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From Sidelines to State Championships: A High School Athlete’s ACL Recovery Story

Sports have always been a big part of Caitlin Tully’s life. The 18-year-old from New Canaan, CT began playing lacrosse in first grade and ice hockey in middle school.

“I love being part of a team. Being able to go out on the field or ice allows me to free my mind from whatever may be going on that day,” said Caitlin.

In the winter of her sophomore year at New Canaan High School, Caitlin was playing in a fall ball lacrosse tournament when she pivoted for a ground ball and heard a pop in her right knee.

Having previously been to ONS for other orthopedic issues, Dr. Paul Sethi, sports medicine surgeon at ONS, was already her go-to specialist.

It turned out that Caitlin tore her ACL, MCL and meniscus. As surgery was the best option, Dr. Sethi operated on Caitlin at the Stamford ASC in December 2019. The surgery was successful; Catlin had no complications and made great progress in her recovery with the help of physical therapy.

“At first, it was definitely tough getting used to being on the sidelines and watching all my teammates as I’m being kept away from doing something that I love,” explained Caitlin, who rehabbed the spring of her sophomore year and fall of junior year, which coincidentally coincided with the start of the COVID pandemic.

She was thrilled to get back to ice hockey during the winter season of her junior year, where she excelled. After hockey season, while getting ready for a big lacrosse game, she felt the same pop – this time in her left leg.

While disappointed, Caitlin went back to Dr. Sethi’s office who diagnosed her with an ACL and meniscus tear in her other knee. Two weeks later, she underwent surgery again in May 2021.

“The hardest part was mentally – I knew what I had ahead of me. When I was lying on the turf after the second tear, I felt like I was at rock bottom,” recalled Caitlin.

Dr. Sethi put her on an aggressive return-to-play regimen, and she started weight bearing as fast as possible.

“ONS really understands that a student athlete’s goal is just to be back on the field,” Caitlin explained. “Dr. Sethi has done everything in his power to make sure I’m in my best shape and that I’m the best athlete I can be.”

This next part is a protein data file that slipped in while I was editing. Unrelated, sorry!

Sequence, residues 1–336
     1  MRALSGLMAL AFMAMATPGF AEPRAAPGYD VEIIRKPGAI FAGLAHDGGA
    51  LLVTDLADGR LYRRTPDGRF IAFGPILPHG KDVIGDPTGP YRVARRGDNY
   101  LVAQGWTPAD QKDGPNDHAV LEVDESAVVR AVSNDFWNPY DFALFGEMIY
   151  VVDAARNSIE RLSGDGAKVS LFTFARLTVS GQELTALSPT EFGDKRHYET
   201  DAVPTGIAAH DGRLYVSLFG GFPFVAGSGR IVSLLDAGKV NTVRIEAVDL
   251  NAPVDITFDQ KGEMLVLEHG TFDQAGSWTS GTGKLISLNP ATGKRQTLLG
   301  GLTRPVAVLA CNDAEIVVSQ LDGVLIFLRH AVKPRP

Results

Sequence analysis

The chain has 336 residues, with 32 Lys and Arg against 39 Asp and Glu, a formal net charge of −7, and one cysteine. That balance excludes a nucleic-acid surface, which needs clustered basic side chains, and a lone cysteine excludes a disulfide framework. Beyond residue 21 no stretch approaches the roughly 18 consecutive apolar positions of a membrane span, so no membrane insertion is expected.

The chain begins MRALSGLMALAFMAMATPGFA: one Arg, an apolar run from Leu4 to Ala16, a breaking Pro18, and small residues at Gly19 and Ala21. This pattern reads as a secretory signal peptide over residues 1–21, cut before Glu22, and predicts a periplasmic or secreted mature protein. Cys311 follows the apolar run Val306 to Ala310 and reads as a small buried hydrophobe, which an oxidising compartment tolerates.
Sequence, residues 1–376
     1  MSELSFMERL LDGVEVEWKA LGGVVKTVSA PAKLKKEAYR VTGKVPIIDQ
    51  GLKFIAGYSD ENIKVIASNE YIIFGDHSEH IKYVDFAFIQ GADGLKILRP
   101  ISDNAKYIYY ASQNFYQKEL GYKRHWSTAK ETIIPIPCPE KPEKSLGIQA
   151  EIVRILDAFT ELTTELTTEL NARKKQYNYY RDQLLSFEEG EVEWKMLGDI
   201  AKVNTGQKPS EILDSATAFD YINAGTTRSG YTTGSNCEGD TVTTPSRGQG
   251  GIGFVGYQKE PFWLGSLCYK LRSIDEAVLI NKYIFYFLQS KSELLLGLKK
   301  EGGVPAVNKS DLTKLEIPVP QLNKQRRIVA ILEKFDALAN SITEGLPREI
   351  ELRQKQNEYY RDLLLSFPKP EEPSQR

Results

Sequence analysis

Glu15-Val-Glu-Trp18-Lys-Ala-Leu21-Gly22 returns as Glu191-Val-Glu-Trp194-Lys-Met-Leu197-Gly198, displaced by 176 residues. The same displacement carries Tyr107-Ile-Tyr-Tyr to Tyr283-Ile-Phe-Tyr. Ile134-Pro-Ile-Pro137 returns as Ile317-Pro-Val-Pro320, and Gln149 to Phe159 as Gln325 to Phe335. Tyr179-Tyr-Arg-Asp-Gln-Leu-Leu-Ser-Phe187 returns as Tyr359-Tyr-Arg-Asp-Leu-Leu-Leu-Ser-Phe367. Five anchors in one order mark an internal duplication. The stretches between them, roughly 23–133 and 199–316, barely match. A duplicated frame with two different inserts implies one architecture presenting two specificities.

This time, the initial post-operative days felt a little more difficult for Caitlin. “While in the beginning I felt like I wasn’t making any progress, I then shifted my mindset as I realized I had to start pushing to get past the mental part and simply put in the hard work to get back on the field,” she said.

In both knees, Dr. Sethi opted to perform an AnteroLateral Ligament (ALL) reconstruction in addition to ACL reconstruction, which involves adding a hamstring tendon between the tibia and the femur where the native ALL is.  The latest research suggests that young female athletes are at very high risk for re-injury after ACL surgery and by adding the ALL, Dr. Sethi and the sports team at ONS believe they can improve the outcomes and reduce the risk of re-tearing in high-risk athletes.

“Knowing that I was going back with an extra measure of support and stability made me feel comfortable,” said Caitlin who noticed she was getting stronger after the second surgery.

She healed in time to play her senior ice hockey season where she led her team to win both FCIAC and CHSGHA state championships, three years after the last state final in 2019, which they also won.

After hockey season, she developed tendonitis (patellofemoral pain) at the beginning of her senior lacrosse season which was frustrating yet “Dr. Sethi assured me it was common for ACL rehab and recommended quad strengthening which helped,” said Caitlin who re-joined her team in April.

Her winning streak didn’t end with the hockey season – her lacrosse team also won both FCIAC and state championships and was unanimously voted number one in the Final 2022 Top 10 Girls Lacrosse Coaches Poll. Then she went on to lead the team to the high school national championship. This was a first in program history.

“In the moment, injuries can feel like the end of the world, but it’s so important to take a step back and look at the grand scheme of things when something like this happens to a young athlete,” said Caitlin. “These experiences made me physically strong and mentally tough. I know my body better than I ever did before and can take care of it even better.”

Caitlin has just started her freshman year at Cornell where, despite her injuries, she was recruited to play Division I lacrosse.

“It’s not the injury that defines you but how you come back from it.”